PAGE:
Polyamory refers to having multiple romantic partners at once, which not all ethically non-monogamous people do. For example, a couple might occasionally have sex with other couples (aka swinging), but they don't actually date people other than each other. That's a form of ethical non-monogamy, but it's not necessarily polyamory.

Ethical non-monogamy vs. open relationship.

Open relationships are another form of ethical non-monogamy, with ethical non-monogamy being the umbrella term. Open relationships refer to any relationship where partners are currently open to sexual or romantic relationships with other people. Not all ethically non-monogamous relationships are open relationships. For example, three people might be dating each another and no one else, and they may not be open to any other relationships. This is a form of ethical non-monogamy, but it's not an open relationship.

Ethical non-monogamy vs. cheating.

Cheating is when you break the agreements of your relationship, in particular those related to sexual and romantic fidelity.

Ethical non-monogamy is not cheating, because in an ENM relationship, all partners have agreed to a relationship wherein everyone is free to be intimate with other people. Intimacy with others is part of the agreement, and therefore it is not cheating because everyone is in the know and consents to what's happening.

Cheating, on the other hand, is non-consensual and unethical non-monogamy, because it involves going behind your partner's back and engaging in intimate relations with other people without your partner's consent.

Importantly, cheating can also happen in ENM relationships: For example, two partners might agree that they're allowed to have sex with other people, but they won't develop romantic or emotional relationships with others. If one partner secretly has a second serious girlfriend, that would be cheating—because it's breaking the agreement they made to not engage romantically with others.

ENM is grounded in consent and mutual trust; cheating ignores those things completely.

Types of ethically non-monogamous relationships.

Here's a non-exhaustive list of some different forms of ethical non-monogamy:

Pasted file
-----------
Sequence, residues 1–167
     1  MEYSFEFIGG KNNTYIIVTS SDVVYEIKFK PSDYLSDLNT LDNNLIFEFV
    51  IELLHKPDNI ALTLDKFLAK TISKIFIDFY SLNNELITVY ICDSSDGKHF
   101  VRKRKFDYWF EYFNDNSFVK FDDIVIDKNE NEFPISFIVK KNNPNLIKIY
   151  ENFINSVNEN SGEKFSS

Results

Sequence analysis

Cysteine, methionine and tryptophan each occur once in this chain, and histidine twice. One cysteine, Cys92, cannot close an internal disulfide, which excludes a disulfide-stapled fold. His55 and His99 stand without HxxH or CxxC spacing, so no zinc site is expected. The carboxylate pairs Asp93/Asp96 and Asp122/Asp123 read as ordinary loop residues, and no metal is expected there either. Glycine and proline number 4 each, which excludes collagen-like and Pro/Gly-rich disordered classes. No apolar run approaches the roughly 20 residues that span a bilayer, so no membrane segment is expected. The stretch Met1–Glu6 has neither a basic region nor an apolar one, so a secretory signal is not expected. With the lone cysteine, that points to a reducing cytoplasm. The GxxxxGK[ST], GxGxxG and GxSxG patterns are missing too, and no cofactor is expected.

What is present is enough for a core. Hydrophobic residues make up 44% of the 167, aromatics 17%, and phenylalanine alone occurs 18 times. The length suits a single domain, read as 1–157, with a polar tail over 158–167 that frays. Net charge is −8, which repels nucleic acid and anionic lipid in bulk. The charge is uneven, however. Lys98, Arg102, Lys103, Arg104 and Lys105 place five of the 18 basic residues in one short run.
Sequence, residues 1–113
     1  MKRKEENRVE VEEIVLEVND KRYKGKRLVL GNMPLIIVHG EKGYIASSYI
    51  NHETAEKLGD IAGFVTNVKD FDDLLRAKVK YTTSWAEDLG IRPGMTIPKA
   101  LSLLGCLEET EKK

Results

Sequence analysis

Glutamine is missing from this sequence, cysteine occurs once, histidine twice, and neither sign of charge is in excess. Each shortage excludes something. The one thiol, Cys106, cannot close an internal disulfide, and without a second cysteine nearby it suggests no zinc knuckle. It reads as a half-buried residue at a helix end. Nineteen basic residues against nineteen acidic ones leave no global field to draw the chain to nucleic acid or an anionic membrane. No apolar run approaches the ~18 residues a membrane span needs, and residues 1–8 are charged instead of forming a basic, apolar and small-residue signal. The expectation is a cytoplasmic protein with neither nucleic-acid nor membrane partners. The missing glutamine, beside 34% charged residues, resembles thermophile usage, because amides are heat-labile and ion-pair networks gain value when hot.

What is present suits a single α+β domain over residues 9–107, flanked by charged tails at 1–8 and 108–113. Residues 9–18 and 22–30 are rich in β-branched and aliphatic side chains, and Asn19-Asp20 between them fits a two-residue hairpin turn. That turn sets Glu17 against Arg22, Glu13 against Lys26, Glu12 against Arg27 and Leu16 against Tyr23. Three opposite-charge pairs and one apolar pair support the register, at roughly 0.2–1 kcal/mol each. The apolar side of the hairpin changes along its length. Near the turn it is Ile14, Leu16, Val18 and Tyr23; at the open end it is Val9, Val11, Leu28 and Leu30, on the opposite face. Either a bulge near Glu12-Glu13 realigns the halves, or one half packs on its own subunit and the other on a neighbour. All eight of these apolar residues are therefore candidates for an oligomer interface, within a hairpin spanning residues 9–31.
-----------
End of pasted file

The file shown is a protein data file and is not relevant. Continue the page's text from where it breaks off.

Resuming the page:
• Polyamory: An approach to relationships wherein people can have multiple romantic or sexual relationships at the same time.
  • Threesomes: A couple brings in a third person to have sex with them, whether for a one-night-stand or regularly. (Here's our guide to threesomes.)
  • Swinging: When a couple has sex with another couple and/or "swaps partners."
  • Cuckolding: When a couple brings in a third party to have sex with one of the partners, often with the other partner watching. (Here's our guide to cuckolding. )
  • Hierarchical relationships: A relationship where there's a set of "primary partners," usually a couple, who prioritize each other while also having "secondary" partners.
  • Polyfidelity: A relationship between a group of people where all members are equal partners in the relationship, and no one has sex with or dates people outside the group. Triads or throuples (groups of three), quads (groups of four), and vees (a three-person relationship where one person is dating two people, but those two people are not dating each other) can be forms of polyfidelity. (Here's our guide to polycules.)
  • Relationship anarchy: An approach to relationships, usually non-hierarchal, where there are no set rules or expectations other than the ones that involved partners agree upon. (Here's our guide to relationship anarchy.)
  • Open relationships: When a couple or set of partners are currently open to new romantic or sexual partners.
  • Casual dating or casual sex: When people casually date and have sex with multiple people, with everyone knowing that it's happening.
  • Monogamish: A couple that's mostly monogamous but might occasionally have sex with other people in certain situations.


What's the difference between ethical non-monogamy and polyamory?

Polyamory is one form of ethical non-monogamy, which is an umbrella term that also includes swinging, open relationships, romantic triads and quads, and much more. Polyamory usually involves an openness to multiple loving relationships, whereas ethical non-monogamy could involve openness to multiple loves, openness to multiple sexual partners only, or a multi-person romantic relationship that is not currently open to new connections.